The museum is open during game days, opening at the same time as the park and closing after the 7th inning with the concession stands. Admission is free, and the museum is open to all ticketholders.[49][50] In 2012 the museum is open until the 9th inning, but still open only on game days. As of the last week of the 2012 season the museum was back to closing by the 7th inning (beginning of, not after the 7th inning) and the open only on game days policy is still in effect.



Among the most cited criticisms about the stadium are the four catwalks that hang from the ceiling. The catwalks are part of the dome's support structure. The stadium was built with cable-stayed technology similar to that of the soon-to-be-defunct Georgia Dome. It also supports the lighting and speaker systems. Because the dome is tilted toward the outfield, the catwalks are lower in the outfield.

The catwalks at Tropicana Field
Close-up view of the A, B, and C rings

The catwalks are lettered, with the highest inner ring being the A Ring, out to the farthest and lowest, the D Ring. The A Ring is entirely in play, while the B, C, and D Rings have yellow posts bolted to them to delineate the relative position of the foul lines. Any ball touching the A Ring, or the in-play portion of the B Ring, can drop for a hit or be caught for an out. The C and D Rings are out of play; if they are struck between the foul poles, then the ball is ruled a home run.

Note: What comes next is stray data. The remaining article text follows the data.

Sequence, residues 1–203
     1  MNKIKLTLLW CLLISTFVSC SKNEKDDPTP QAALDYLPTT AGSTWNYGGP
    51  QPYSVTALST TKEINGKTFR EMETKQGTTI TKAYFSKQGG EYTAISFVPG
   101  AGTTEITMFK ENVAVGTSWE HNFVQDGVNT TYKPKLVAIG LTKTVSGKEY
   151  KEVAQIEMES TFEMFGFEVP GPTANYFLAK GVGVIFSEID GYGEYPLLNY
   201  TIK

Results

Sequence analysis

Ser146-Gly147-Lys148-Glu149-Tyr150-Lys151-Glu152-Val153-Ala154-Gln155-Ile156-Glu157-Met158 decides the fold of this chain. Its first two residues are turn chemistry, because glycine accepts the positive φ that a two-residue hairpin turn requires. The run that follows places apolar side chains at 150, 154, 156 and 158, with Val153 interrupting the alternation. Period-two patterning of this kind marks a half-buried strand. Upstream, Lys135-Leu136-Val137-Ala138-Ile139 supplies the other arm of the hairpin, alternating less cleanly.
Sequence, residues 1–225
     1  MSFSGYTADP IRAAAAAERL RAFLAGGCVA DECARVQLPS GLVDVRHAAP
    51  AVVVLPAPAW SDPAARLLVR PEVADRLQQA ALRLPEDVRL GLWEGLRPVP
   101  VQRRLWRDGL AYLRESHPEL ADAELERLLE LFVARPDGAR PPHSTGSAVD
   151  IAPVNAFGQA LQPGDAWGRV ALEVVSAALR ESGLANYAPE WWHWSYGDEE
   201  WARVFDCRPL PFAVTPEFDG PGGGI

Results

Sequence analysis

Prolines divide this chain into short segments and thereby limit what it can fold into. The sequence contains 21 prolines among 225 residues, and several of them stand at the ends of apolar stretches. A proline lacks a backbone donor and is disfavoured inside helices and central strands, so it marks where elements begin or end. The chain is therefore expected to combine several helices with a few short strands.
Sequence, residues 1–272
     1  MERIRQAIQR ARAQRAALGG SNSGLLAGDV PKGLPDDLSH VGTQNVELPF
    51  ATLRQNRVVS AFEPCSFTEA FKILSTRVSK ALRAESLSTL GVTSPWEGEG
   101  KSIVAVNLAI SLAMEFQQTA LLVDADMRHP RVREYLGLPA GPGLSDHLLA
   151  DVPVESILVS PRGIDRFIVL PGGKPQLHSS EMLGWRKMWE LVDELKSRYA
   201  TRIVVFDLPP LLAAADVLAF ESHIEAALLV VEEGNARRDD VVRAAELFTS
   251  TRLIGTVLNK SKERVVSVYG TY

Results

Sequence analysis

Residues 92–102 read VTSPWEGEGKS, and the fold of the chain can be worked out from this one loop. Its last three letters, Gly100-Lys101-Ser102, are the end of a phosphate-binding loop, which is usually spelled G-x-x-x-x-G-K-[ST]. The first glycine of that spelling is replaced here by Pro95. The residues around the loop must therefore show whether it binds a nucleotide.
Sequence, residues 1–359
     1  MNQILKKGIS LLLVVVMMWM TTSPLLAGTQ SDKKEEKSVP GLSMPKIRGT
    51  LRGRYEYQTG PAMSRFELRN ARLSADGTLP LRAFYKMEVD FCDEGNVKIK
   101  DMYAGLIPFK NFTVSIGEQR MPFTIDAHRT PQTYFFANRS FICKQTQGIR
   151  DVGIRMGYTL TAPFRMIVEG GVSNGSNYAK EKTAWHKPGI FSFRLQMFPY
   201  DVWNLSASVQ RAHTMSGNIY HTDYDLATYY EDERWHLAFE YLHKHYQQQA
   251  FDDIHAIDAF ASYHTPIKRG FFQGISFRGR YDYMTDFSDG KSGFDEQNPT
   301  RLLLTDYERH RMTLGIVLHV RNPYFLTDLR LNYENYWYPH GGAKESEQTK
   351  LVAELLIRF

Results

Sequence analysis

On August 5, 2010, Jason Kubel of the Minnesota Twins hit a sky-high infield pop-up that would have ended the inning in a 6–6 game if caught, but the ball struck the A ring and fell safely onto the infield allowing the Twins to score the go-ahead run and extend the inning in a controversial 8–6 win.[52] As a result, on October 4, 2010, Major League Baseball approved a change in the ground rules for the A and B rings, making it so that a batted ball striking either of the two rings was automatically ruled a dead ball, regardless of whether the ball strikes in fair or foul territory. The rules pertaining to the C and D rings remained the same.[53] This change lasted for just the 2010 postseason.[54]